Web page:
February 12, 2022

Bethlehem and the Olympic Games – An Early Connection!

Did you know Bethlehem had a historical connection to the Olympics?

1908 was the fourth Summer Games of the modern Olympic competitions. The games were held in London that year, and they were the longest Summer Olympics in history (187 days). There were also marked by controversy, including several disputes between British and American athletes.

OLYMPICS, LONDON 1908 -- COOK, Theodore Andrea (compiler ...

The games coincided with the Lambeth Conference, a gathering of Anglican bishops from all over the world. One of the bishops attending the Lambeth Conference was the Right Reverend Ethelbert Talbot, a bishop of the Episcopal Church in Bethlehem, Pennsylvania. Talbot was given the honor of preaching at St. Paul’s Cathedral during the games at a service for athletes and Olympic officials. Aware of the controversies, he included the message “…the Games themselves are better than the race and the prize…and though only one may wear the laurel wreath, all may share the equal joy of the contest.”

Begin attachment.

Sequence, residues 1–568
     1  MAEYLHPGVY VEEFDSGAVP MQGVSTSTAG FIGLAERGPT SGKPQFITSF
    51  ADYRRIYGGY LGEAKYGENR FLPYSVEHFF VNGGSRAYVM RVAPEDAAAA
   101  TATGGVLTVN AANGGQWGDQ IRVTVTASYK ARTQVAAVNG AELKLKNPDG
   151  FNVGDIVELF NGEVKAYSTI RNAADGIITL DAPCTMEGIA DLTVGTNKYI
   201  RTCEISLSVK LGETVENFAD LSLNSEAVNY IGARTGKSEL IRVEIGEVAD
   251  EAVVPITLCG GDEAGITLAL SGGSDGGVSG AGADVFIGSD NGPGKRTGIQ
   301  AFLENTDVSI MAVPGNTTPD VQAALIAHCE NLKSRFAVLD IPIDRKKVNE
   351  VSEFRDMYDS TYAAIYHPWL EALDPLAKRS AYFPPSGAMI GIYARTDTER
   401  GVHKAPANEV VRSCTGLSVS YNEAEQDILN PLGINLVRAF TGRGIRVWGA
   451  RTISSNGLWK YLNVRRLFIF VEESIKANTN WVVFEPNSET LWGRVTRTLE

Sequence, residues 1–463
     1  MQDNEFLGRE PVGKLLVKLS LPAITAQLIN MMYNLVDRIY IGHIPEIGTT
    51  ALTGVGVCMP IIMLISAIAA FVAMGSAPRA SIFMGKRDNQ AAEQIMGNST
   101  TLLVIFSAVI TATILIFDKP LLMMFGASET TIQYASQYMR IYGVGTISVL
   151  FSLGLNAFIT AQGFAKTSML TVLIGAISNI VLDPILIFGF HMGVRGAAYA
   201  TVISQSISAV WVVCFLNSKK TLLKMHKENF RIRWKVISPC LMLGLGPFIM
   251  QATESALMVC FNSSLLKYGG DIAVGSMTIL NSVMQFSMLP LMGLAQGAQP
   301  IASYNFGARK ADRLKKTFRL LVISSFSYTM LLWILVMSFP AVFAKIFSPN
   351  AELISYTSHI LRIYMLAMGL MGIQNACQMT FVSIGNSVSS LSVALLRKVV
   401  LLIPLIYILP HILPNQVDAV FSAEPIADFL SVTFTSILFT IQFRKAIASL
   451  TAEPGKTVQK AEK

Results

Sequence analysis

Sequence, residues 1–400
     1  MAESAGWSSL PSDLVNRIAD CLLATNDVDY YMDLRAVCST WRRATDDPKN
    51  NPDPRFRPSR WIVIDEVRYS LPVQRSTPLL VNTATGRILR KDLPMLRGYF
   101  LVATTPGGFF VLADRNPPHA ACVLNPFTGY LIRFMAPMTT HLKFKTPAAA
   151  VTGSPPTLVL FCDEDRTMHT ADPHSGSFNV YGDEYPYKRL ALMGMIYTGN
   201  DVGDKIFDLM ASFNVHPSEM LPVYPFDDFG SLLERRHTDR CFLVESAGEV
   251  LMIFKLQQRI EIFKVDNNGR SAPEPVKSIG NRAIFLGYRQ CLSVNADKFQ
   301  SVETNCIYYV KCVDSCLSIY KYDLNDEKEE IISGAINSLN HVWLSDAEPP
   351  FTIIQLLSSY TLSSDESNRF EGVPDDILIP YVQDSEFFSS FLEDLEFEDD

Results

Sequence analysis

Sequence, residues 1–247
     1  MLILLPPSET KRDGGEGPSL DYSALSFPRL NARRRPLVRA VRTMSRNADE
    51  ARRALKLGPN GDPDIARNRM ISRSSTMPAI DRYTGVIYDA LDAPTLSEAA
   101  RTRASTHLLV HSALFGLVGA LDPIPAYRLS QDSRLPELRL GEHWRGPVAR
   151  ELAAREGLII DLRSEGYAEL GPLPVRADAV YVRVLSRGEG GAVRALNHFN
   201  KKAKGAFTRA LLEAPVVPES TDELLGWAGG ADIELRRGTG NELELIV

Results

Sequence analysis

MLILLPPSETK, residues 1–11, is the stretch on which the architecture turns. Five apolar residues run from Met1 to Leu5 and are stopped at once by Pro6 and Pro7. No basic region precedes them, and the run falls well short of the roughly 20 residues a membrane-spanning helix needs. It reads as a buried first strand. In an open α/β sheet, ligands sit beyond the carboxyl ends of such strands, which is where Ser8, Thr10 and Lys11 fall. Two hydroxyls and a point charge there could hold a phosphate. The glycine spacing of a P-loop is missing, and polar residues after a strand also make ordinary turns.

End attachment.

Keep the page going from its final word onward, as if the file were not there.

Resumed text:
Ethelbert Talbot 

Pierre Coubertin, the father of the modern Olympic movement, was in attendance at the service and repeated Talbot’s message in a speech soon afterward, saying “The importance of these Olympiads is not so much to win as to take part” – a sentiment now well known as the first part of the Olympic Creed.

Talbot continued as Bishop of the Diocese of Bethlehem until 1924, and then became the Presiding Bishop (leader) of the Episcopal Church in the United States. He died in 1928 and is buried in Nisky Hill Cemetery. Several of his books are included in BAPL’s Local History collection.

One of several books by Talbot in BAPL’s Bethlehem Room Collection.

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